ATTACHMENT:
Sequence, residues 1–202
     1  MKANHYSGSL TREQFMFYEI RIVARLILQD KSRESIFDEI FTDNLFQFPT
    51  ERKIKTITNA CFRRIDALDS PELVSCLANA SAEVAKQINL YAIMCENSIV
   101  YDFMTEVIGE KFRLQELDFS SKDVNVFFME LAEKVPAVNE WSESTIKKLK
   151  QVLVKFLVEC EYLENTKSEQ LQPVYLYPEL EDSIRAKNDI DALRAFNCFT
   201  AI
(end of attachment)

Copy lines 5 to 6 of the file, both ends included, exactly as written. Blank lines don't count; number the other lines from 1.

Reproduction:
   151  QVLVKFLVEC EYLENTKSEQ LQPVYLYPEL EDSIRAKNDI DALRAFNCFT
   201  AI